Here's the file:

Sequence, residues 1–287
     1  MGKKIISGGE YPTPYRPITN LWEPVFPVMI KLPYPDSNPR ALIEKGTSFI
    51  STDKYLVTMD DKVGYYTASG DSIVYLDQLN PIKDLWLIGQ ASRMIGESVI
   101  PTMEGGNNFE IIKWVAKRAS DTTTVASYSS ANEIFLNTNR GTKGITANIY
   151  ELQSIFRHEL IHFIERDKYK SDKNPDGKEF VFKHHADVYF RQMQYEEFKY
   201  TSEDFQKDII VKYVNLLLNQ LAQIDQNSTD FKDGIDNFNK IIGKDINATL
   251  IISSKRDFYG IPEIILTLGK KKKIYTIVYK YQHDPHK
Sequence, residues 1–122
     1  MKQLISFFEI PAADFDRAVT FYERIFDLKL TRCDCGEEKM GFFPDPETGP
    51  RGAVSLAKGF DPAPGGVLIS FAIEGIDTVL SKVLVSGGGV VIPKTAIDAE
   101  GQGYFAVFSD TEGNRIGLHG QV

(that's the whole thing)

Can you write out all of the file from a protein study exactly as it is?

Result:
Sequence, residues 1–287
     1  MGKKIISGGE YPTPYRPITN LWEPVFPVMI KLPYPDSNPR ALIEKGTSFI
    51  STDKYLVTMD DKVGYYTASG DSIVYLDQLN PIKDLWLIGQ ASRMIGESVI
   101  PTMEGGNNFE IIKWVAKRAS DTTTVASYSS ANEIFLNTNR GTKGITANIY
   151  ELQSIFRHEL IHFIERDKYK SDKNPDGKEF VFKHHADVYF RQMQYEEFKY
   201  TSEDFQKDII VKYVNLLLNQ LAQIDQNSTD FKDGIDNFNK IIGKDINATL
   251  IISSKRDFYG IPEIILTLGK KKKIYTIVYK YQHDPHK
Sequence, residues 1–122
     1  MKQLISFFEI PAADFDRAVT FYERIFDLKL TRCDCGEEKM GFFPDPETGP
    51  RGAVSLAKGF DPAPGGVLIS FAIEGIDTVL SKVLVSGGGV VIPKTAIDAE
   101  GQGYFAVFSD TEGNRIGLHG QV